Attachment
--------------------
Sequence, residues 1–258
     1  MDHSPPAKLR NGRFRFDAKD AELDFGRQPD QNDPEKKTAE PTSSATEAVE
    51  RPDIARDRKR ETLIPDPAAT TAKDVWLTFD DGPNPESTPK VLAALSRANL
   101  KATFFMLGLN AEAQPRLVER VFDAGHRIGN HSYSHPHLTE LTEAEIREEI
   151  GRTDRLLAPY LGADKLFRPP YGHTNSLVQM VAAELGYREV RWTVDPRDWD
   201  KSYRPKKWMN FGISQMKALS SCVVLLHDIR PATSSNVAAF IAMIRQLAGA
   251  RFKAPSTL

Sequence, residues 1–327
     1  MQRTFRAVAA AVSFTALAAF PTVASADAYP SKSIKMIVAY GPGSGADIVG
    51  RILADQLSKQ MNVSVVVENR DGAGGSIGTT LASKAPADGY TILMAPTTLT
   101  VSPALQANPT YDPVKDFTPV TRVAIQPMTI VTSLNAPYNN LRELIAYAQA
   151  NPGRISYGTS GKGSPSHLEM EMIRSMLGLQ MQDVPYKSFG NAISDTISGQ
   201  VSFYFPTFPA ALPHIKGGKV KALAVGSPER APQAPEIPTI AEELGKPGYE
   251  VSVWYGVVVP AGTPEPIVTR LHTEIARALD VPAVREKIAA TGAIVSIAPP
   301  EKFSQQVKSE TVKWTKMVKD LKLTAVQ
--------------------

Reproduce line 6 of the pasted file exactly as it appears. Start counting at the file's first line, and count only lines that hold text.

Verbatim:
   201  KSYRPKKWMN FGISQMKALS SCVVLLHDIR PATSSNVAAF IAMIRQLAGA